We worked on school and work in the morning so that we could take a field trip this afternoon to the Central High School Museum. Little Rock is the first city and Central High School the first high school to integrate their students. The Little Rock Nine were the 9 black students, ages 14-16, who chose to make the switch from their all black high school to make a difference and to receive an education that would better prepare them for college.
The museum was free to attend and was really well done. The most impactful thing for me was listening to the personal stories from several of the students via recorded testimonies at several kiosks with telephone handsets. Spencer and I sat together and listened to all the available audio recordings and it probably took 30-40 minutes. There were present day interviews interspersed with the students narrating while showing video footage from 1957. It is definitely different to see and hear the actual people and real video versus just reading about the events in a textbook. I'm not sure how much of it really sunk in with the kids, but I think we all seemed to get a sense of those students courage and tenacity and commitment. It is hard to grasp how difficult it was for those students and their families (and anyone who tried to support them) and it is challenging to imagine the perspective of the anti-integration people. It was very sobering.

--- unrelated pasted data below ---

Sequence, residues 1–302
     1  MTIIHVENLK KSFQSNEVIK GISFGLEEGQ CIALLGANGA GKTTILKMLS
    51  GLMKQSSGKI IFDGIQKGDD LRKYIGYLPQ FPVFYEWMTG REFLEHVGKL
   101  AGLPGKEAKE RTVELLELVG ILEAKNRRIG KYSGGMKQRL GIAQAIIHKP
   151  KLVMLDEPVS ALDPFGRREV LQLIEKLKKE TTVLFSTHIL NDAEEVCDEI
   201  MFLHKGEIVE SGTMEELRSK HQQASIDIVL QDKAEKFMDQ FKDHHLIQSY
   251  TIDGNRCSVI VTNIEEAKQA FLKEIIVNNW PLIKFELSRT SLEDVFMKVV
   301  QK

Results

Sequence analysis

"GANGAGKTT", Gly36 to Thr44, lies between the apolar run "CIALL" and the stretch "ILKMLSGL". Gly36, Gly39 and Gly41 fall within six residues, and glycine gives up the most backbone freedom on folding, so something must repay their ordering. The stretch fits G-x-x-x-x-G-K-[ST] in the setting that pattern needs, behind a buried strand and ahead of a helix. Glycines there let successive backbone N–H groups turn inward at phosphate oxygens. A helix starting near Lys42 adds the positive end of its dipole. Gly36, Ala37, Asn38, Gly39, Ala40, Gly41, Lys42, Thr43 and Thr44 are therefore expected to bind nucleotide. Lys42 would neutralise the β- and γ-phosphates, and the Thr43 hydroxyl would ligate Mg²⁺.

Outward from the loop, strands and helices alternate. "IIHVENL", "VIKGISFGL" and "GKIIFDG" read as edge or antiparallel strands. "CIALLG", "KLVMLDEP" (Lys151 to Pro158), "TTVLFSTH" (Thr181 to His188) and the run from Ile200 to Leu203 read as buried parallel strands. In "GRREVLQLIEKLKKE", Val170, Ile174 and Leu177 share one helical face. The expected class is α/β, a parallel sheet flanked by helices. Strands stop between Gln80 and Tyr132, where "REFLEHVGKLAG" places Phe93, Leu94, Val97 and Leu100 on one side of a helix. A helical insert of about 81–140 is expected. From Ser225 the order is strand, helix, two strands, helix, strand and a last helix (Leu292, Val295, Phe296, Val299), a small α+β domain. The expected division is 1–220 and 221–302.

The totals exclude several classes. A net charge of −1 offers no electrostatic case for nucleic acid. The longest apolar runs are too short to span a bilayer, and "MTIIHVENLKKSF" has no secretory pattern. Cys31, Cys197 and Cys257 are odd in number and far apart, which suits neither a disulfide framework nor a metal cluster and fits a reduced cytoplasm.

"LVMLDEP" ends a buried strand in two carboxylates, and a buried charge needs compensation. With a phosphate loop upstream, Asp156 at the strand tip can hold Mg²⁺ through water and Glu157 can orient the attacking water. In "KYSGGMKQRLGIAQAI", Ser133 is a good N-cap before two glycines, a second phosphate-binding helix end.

|The gas station where a mob gathered across the street from the high school.|
We started to have some pretty big thunderstorms in the evening. We've been under a flash flood warning pretty much the whole time we've been here, but the "creek" (shallow drainage ditch) behind our trailer had mostly dried up again. We decided to just see what tomorrow looks like.